There’s a tradition of actors playing many roles in a single production, frequently to comic effect. Flat Earth Theatre’s production of “Enigma Variations,” running Friday through April 27 at the Arsenal Center for the Arts, goes in the opposite direction.
Two characters. Each played by three actors. All six of them onstage at once.
“There are all these different people that live in all of us,” explains director Sarah Gazdowicz.
Eric-Emmanuel Schmitt’s play, translated from the French by Jeremy Sams, depicts the meeting of reclusive Nobel laureate Abel Znorko and journalist Erik Larsen, who comes to Znorko’s island redoubt to interview him about his new book. Ostensibly fiction, it’s an epistolary romance between the author and a mysterious woman named Helen.
Znorko greets his visitor with gunfire. He misses. It’s difficult to say more without spoilers.
Suffice to say that nearly nothing is as it seems. The play is named for an Elgar composition that is a favorite of Znorko’s. Secrets, surprises, and reversals continue until the last moments of the play, as the men argue, rage, make up, and start over again. The nature of love and the need for human connection are at the heart of it all.
“This is a play that is so much about people’s inherent unknowability,” says Gazdowicz.
Schmitt wrote “Enigma Variations” to be performed as a two-hander. But in the Flat Earth production, Znorko and Larsen have each been divided into three archetypes, referred to in rehearsals as the Writer, the Lover, and the Mortal Man. Each is played by a different actor, speaking different lines of the character’s dialogue. All are onstage throughout, and each is conscious of the others.
“There are split voices in a lot of the monologues,” Gazdowicz says. “It winds up turning into this argument, this discussion that this character is having with themselves, with the different parts of themselves, while expressing an idea to the character opposite them.”
Cliff Blake, Lindsay Eagle, and Cassandra Meyer play Znorko, while Cameron Beaty Gosselin, David N. Rogers, and Rebecca Lehrhoff play Larsen. Gazdowicz didn’t break down the script for the six parts until they started rehearsals, she says. The cast helped shape the way the archetypes interact, and suggested which of them should speak certain parts. “They saw the thing that inspired them and they went to it,” she says. “And like a more traditional production, once people had sort of claimed their archetype, they were able to be an advocate for that part of the character.”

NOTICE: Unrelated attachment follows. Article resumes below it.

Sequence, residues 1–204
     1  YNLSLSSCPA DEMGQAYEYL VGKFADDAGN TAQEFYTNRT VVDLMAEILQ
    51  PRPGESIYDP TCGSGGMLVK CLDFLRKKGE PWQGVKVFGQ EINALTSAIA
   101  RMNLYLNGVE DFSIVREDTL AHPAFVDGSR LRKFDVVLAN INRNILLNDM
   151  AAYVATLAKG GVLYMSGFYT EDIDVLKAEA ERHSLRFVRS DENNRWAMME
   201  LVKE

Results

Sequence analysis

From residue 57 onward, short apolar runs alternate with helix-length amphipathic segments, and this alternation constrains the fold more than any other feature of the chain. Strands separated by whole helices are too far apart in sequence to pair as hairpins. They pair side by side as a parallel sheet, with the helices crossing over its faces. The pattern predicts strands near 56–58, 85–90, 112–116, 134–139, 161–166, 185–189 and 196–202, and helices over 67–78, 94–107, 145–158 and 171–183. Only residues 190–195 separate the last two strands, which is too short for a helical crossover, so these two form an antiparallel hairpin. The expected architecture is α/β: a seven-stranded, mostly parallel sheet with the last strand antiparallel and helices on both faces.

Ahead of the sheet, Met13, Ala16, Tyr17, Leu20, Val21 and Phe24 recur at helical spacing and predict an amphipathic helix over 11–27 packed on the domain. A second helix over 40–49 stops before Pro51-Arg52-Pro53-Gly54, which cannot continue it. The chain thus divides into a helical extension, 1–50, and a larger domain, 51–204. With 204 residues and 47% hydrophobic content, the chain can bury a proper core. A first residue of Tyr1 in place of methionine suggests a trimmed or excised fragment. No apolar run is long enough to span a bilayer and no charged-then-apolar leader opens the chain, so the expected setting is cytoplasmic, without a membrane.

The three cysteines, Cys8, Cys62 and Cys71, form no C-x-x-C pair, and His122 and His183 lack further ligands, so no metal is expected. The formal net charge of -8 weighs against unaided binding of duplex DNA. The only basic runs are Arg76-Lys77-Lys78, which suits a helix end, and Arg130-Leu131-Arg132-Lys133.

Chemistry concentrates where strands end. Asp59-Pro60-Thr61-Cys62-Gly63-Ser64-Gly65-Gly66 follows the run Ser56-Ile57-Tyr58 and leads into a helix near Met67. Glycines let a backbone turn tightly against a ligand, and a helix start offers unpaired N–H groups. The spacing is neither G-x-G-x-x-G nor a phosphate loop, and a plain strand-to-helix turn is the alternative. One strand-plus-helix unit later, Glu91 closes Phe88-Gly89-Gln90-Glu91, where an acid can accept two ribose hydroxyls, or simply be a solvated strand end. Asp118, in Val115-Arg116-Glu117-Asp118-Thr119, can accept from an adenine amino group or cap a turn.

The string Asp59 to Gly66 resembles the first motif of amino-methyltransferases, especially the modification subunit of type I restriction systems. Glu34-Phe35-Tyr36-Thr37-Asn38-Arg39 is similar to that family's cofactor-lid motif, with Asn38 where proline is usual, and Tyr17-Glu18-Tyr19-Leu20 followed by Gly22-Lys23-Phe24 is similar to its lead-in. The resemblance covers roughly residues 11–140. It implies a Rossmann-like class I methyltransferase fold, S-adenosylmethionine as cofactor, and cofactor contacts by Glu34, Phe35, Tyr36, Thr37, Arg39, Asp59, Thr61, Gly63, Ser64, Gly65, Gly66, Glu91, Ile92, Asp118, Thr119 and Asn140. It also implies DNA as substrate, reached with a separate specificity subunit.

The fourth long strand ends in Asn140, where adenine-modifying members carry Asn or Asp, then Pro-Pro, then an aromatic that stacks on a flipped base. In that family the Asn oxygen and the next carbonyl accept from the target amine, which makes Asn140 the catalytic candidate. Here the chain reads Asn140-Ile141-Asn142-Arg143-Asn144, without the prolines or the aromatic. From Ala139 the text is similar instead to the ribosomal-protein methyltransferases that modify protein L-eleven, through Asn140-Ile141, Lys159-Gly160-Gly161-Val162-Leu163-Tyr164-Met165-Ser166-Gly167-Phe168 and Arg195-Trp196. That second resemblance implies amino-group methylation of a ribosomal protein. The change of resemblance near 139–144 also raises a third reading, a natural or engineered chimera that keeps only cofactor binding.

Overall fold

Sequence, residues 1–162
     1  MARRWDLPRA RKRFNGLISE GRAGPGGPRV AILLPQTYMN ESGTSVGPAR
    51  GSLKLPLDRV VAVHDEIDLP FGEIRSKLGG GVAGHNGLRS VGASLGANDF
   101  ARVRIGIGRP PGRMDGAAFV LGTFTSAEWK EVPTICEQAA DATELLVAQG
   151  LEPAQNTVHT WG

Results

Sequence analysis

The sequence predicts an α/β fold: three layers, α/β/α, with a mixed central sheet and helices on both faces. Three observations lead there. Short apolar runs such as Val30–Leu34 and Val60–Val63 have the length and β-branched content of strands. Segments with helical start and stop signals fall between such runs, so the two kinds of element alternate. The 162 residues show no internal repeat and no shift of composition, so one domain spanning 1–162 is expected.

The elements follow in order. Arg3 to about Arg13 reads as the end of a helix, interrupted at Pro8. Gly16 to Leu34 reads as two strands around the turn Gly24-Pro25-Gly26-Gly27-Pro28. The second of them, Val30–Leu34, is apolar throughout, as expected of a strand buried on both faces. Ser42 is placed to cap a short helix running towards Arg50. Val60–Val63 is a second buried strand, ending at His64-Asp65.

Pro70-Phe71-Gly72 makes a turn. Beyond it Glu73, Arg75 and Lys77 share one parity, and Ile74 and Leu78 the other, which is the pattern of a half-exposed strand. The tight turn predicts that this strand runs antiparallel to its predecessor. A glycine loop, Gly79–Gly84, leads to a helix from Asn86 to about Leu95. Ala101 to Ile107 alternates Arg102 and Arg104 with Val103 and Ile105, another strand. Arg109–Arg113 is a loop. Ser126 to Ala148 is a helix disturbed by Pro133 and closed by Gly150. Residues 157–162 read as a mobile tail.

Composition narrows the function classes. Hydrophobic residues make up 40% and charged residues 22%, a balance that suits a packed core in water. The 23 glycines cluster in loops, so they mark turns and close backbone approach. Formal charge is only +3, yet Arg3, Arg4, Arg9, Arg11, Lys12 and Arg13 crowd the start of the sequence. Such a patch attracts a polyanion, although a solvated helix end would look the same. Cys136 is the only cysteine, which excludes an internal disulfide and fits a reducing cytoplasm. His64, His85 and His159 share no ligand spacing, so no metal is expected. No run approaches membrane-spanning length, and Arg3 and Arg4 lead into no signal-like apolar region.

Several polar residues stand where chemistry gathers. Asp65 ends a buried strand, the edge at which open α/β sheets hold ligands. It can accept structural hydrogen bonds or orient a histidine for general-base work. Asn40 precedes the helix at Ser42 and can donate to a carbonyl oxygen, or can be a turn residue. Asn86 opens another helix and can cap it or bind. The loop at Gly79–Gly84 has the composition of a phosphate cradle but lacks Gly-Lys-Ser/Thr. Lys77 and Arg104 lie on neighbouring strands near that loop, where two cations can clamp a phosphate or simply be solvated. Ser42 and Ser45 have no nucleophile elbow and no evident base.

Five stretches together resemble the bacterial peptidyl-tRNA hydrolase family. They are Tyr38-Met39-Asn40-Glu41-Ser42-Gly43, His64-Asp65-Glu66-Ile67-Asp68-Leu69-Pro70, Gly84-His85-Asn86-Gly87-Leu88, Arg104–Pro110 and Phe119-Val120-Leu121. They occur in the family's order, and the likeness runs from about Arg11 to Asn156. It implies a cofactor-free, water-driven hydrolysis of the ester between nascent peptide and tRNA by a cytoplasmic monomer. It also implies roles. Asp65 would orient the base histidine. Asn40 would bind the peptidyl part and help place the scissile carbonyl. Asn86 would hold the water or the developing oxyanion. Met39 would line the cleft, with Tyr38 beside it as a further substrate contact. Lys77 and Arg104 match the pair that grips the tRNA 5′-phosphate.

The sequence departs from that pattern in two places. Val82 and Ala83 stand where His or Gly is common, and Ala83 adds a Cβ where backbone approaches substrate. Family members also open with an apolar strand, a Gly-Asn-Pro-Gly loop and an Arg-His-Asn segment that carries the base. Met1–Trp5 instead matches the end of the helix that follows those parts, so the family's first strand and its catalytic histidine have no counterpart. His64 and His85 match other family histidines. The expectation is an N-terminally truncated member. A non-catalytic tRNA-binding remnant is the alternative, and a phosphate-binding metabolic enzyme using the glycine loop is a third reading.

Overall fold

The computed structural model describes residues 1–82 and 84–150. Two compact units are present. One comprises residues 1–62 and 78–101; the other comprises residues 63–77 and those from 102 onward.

For Gosselin, who acted for Gazdowicz in a Flat Earth production of “The Pillowman” last year, the concept took some getting used to.
“Honestly, I wasn’t quite sure how it was going to work,” he says. “We’ve changed who’s said what and who they’re talking to.”
With women playing some of the parts, too, it’s a tricky concept to make easily understandable for the audience, Gazdowicz concedes.
“I think visual cues are going to be very important for people to understand that these three people are all a single character,” she says.
Blocking is definitely a factor, she says, as are similarities in their costumes, which are by Coriana Hunt Swartz. “All the Znorkos are wearing these heavily cabled, textured sweaters, and the Larsens are all wearing, like, green and blue argyle,” Gazdowicz says. “Though they won’t be exactly the same, that will be a very clear cue.”
She agreed to direct the show about a year ago, but it was only around December that she decided to try turning two characters into six. It was, she says, just one of those “crazy ideas” that are part of the creative process, but one that seemed like it would actually work. First she had to explain the idea to the Flat Earth team.
“They looked at me and took a deep breath and then they said, ‘OK, let’s talk about that.’ They just wanted to make sure that they understood and that it served the text,” she says.
She says that initially there was an additional motivation for splitting up the parts: She’s found the pool of older male actors doing fringe theater to be small. As it happens, Blake, one of the actors playing Znorko, is in his 50s. By the time he came in to audition, though, the die was cast.
“For me,” Gazdowicz says, “the concept just sort of wound up taking over.”
A Sater-Sheik premiere
Chester Theatre Company will kick off its 2013 season with the world premiere of a play with music by the creators of the Tony Award-winning musical “Spring Awakening.” “Arms on Fire,” by Steven Sater (“Prometheus Bound”) and Duncan Sheik, tells the story of a friendship between Smith, a young singer, and Ulysses, a factory worker in New York’s Hell’s Kitchen. It runs June 26-July 7.
Also on the schedule: “Tryst,” July 11-21, a psychological thriller by Karoline Leach; Annie Baker’s contemporary comedy “Body Awareness,” July 31-Aug. 11; and Lisa Peterson and Denis O’Hare’s “An Iliad,” a reimagining of Homer’s classic, Aug. 15-25.
Joel Brown can be reached at firstname.lastname@example.org.